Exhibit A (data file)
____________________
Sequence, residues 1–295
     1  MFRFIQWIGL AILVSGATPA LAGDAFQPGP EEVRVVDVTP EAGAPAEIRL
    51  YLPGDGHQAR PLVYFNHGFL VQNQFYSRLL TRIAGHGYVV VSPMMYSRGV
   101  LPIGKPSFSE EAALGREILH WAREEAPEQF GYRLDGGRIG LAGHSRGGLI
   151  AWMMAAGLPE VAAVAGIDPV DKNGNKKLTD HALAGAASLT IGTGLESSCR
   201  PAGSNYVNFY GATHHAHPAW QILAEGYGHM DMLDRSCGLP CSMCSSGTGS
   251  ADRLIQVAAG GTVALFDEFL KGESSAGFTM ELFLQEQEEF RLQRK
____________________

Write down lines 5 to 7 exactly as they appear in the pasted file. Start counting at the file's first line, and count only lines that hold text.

   151  AWMMAAGLPE VAAVAGIDPV DKNGNKKLTD HALAGAASLT IGTGLESSCR
   201  PAGSNYVNFY GATHHAHPAW QILAEGYGHM DMLDRSCGLP CSMCSSGTGS
   251  ADRLIQVAAG GTVALFDEFL KGESSAGFTM ELFLQEQEEF RLQRK